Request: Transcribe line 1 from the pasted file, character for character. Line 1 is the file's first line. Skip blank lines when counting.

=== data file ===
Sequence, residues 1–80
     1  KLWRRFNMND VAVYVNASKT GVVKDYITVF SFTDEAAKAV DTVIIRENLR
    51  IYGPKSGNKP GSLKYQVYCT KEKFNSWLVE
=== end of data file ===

Sequence, residues 1–80